Brigadier General Joseph Aphour of the Ghana Armed Forces has explained that the military personnel deployed to quell the riotous situation caused by the protesting youth of Ejura Sekyedumase on June 29, applied minimal force to control the crowd because they fired at the officers.

Brigadier-General Aphour made this statement on Wednesday, when he appeared before the Three-Member Committee probing the incident which resulted in the death of two persons while four others were left with gunshot wounds.

“At that stage, it was becoming too bad for them to see civilians firing from the crowd, I think the commander at that stage then had to use minimum force by trying to fire to maim those people who were involved.

“But for what we did that day, we believe and strongly believe that there would have been more deaths if we actually fired indiscriminately. More would have died but we tried to nail the people, we used the minimum force, and we were able to control the situation,” he told the Committee.

The irate youth of Ejura on June 29, hit the streets to protest against the killing of one Ibrahim Mohammed, aka Kaaka Macho.

Brigadier General Joseph Aphour stated that he was not present at Ejura during the protest, but was optimistic that his account is fairly accurate because he received the incident report from the Battalion Commander.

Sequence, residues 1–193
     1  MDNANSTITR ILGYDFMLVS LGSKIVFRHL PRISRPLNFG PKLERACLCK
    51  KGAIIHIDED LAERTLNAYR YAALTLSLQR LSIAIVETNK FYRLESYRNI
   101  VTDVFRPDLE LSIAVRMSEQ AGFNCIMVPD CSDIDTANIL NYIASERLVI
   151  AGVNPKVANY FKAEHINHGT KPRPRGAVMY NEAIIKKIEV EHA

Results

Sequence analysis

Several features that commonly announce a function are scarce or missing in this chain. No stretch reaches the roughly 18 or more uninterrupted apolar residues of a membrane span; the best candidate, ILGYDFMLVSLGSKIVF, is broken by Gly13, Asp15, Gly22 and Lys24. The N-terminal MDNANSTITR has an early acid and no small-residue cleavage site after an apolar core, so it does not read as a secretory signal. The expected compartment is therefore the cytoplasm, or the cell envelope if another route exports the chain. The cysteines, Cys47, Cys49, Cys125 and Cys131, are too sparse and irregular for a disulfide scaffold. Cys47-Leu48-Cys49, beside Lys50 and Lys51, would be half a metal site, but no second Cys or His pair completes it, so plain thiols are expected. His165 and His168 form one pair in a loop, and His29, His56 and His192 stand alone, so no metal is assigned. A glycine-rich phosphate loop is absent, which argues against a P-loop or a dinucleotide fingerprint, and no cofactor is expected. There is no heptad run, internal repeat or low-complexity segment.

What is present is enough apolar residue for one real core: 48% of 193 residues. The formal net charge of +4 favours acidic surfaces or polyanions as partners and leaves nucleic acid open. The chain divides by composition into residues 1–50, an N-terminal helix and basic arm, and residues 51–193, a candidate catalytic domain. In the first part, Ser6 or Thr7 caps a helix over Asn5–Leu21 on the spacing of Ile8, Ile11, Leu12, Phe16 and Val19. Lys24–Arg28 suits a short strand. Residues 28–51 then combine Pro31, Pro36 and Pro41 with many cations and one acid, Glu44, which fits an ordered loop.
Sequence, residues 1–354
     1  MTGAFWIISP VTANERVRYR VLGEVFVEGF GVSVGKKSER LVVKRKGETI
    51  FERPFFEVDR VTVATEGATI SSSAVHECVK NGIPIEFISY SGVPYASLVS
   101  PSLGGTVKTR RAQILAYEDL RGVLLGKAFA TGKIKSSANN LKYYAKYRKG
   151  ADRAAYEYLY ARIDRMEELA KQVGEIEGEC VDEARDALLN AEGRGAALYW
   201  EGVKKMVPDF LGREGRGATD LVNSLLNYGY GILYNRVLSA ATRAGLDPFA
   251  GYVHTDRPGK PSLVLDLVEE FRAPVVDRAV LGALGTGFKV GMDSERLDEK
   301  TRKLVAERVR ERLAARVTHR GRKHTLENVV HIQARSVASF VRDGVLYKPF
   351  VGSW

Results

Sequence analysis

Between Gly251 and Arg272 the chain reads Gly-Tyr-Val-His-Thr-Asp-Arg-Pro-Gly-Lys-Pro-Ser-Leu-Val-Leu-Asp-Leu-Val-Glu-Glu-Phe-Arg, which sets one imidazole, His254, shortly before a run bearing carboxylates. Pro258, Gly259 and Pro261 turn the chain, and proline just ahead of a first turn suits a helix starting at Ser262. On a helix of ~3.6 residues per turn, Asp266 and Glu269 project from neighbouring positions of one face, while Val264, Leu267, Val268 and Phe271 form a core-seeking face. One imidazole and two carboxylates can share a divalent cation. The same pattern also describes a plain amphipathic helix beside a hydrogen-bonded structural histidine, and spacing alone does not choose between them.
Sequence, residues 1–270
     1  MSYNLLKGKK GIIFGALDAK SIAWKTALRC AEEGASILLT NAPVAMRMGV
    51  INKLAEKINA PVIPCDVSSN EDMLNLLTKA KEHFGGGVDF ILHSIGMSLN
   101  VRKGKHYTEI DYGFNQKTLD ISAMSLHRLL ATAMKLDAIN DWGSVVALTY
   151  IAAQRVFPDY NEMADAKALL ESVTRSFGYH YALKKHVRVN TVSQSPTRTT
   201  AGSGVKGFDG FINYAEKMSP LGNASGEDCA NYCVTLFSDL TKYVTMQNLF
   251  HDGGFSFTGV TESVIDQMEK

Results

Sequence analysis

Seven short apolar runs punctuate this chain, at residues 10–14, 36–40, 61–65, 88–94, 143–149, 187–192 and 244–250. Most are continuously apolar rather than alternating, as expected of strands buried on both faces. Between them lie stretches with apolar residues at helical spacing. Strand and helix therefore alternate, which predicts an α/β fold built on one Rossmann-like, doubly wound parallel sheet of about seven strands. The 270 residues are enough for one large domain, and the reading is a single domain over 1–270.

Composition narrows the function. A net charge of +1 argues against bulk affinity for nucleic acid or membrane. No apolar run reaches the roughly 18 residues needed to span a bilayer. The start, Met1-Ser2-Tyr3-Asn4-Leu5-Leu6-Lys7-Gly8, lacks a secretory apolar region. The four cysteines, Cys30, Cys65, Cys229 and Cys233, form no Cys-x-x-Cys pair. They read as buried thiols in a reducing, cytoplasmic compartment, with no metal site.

“I wasn’t there in Ejura. I was sitting in Kumasi and monitoring everything and my Battalion Commander was briefing me. At every stage, we send what we call the incident report to our Headquarters in Accra.”

He emphasized that had the military personnel exerted intense force, there would have been lots of casualties.

Responding to concerns in respect of military personnel not being equipped with crowd control skills for which reason they should not have been involved in the Ejura incident, the Brigadier General said information they received on Sunday, June 27, indicated that the Police needed the assistance of the Military due to the nature of the situation in the community.

He said on Monday, June 28, while the Military was on a patrol, they heard there was a mass-up of the civilians heading to the cemetery to bury the deceased [Ibrahim Mohammed] “and particularly we heard that they were at the Police station and there was a need for us to intervene because if we didn’t intervene, things would go out of hand.”